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Auction sites urged to come clean on customers rights

The Office of Fair trade (opens in new tab) has convinced a number of auction sites like Ebay and Ebid to provide clearer indications of consumers and businesses rights and obligations under the UK consumer statutory laws.

These aforementioned websites will now display advice and links to inform consumers about their rights under the Distance Selling Regulations or DSRs.

Many items on Ebay (opens in new tab) for example do not carry enough information regarding the actual state of items being sold and most do not have a cooling off period when the customer can decide to cancel an order for any reason and receive a full refund.

Things however take an ugly turn many items sold on Auction sites are second hand items and by their very nature, it is quite difficult to determine whether a product is faulty or has reached the end of its usable life.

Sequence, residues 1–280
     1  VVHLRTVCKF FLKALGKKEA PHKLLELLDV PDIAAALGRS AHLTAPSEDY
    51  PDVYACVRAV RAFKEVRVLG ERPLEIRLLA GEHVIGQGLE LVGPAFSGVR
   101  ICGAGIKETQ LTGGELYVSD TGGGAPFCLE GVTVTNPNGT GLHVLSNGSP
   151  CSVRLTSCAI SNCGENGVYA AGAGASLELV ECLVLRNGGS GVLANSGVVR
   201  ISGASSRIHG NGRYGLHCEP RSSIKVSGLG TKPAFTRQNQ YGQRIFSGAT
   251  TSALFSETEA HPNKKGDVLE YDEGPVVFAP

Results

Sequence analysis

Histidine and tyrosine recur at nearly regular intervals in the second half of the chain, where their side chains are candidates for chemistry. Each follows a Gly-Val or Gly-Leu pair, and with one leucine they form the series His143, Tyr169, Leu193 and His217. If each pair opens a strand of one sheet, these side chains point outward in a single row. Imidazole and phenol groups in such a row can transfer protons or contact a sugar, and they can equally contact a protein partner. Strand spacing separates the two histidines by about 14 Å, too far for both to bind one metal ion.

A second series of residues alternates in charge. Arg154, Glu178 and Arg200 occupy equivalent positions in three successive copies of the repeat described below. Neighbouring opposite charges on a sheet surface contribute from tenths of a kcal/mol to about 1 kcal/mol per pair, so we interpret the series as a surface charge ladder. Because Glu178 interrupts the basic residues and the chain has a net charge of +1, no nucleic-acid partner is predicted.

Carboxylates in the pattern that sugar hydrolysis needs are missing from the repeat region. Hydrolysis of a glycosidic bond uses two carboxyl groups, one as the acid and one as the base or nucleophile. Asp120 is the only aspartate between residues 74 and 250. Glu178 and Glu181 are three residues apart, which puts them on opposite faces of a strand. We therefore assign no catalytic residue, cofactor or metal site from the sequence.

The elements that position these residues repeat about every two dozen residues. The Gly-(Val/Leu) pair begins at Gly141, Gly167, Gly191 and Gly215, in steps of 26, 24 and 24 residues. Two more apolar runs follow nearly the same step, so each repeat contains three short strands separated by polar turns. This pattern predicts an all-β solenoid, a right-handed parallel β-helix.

In many cases, unscrupulous businesses on Ebay charge a high percentage stocking fee as well as asking the buyer to ship the item at his/her own cost.

According to consumer website Which, "Shoppers who buy from a business using the 'buy now' option on an auction site have the right to return items under the DSRs for many products with 40% of shoppers who visit auction sites use the 'buy now' option."

Désiré Athow
Contributor

Désiré has been musing and writing about technology during a career spanning four decades. He dabbled in website building and web hosting when DHTML and frames were en vogue and started writing about the impact of technology on society just before the start of the Y2K hysteria at the turn of the last millennium. Following an eight-year stint at ITProPortal.com where he discovered the joys of global tech-fests, Désiré now heads up TechRadar Pro. Previously he was a freelance technology journalist at Incisive Media, Breakthrough Publishing and Vnunet, and Business Magazine. He also launched and hosted the first Tech Radio Show on Radio Plus.